Nilima Gulrajani (Overseas Development Institute) and I have co-authored a report for the ODI on new donor countries, their motives and the implications of donor proliferation. The abstract is as follows:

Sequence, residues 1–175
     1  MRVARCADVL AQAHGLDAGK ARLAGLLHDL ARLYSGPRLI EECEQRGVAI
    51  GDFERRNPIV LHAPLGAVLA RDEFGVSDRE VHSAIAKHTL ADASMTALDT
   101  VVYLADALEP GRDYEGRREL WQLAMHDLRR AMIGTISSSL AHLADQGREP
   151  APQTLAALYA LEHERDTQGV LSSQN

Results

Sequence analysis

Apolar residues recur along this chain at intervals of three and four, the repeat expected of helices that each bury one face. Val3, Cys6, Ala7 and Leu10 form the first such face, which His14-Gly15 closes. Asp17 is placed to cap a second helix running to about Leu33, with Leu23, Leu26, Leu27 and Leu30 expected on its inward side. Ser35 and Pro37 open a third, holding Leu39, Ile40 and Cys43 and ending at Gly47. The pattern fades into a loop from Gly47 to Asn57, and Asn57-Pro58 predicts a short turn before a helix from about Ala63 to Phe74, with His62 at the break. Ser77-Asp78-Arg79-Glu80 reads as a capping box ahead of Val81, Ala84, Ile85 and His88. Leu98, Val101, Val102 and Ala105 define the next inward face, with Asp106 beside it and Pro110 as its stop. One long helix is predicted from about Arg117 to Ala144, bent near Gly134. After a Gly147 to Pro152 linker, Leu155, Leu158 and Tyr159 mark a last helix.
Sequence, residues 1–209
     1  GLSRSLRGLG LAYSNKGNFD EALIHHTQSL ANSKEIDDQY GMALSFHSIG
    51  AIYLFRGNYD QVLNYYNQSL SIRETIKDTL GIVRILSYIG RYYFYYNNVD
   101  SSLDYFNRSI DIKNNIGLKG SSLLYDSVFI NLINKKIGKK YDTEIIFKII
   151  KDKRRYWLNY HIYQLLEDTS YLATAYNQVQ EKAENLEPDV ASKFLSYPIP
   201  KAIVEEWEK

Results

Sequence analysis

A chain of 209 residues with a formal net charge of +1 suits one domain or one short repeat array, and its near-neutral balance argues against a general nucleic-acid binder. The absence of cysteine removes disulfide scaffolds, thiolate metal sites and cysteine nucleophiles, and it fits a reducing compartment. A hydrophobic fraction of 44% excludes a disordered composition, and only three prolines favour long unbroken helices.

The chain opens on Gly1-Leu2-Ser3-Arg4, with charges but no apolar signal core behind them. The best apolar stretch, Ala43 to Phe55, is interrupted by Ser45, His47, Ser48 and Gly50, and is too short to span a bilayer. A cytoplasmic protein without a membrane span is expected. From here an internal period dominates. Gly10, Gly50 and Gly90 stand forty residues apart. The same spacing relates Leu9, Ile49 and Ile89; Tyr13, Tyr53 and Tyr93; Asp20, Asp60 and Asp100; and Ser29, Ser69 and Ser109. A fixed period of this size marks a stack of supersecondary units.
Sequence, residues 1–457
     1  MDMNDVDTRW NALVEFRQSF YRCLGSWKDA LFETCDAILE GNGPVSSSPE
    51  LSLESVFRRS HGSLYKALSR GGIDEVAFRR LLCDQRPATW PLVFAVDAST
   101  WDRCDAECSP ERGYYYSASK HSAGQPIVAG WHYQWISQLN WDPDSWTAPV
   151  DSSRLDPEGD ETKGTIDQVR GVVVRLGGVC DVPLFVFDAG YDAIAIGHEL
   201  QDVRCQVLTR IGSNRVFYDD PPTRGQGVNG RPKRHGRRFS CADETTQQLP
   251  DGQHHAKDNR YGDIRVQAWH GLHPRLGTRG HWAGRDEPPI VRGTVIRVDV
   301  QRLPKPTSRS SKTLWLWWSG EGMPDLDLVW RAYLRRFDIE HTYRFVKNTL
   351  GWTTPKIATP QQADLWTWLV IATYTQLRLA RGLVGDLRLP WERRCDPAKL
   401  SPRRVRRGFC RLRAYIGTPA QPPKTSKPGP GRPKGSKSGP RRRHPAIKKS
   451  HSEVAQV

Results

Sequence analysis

Despite growing aid fatigue in the global North, the number of bilateral aid-providing states is at an all-time high and continues to expand. In this paper, we examine the paradox of new donor countries’ (NDCs) dramatic growth by asking two questions. First, what is driving donor proliferation? And second, what sort of donors are emerging from this rapid increase? Drawing on sociological theories of normative diffusion, we argue that an important driver is the desire to legitimise one’s reputation as an advanced and influential state. We study the consequences of donor proliferation through a quantitative analysis of 26 NDCs, comparing their achievements to those of traditional donors on three metrics of aid quantity and quality. Our results reveal that NDCs may be adopting the traditional donor form, but not its associated functions and responsibilities, creating a gap between policy intent and practical implementation. While NDCs are contributing to global development’s ongoing viability, vigilance is required to preserve its robustness.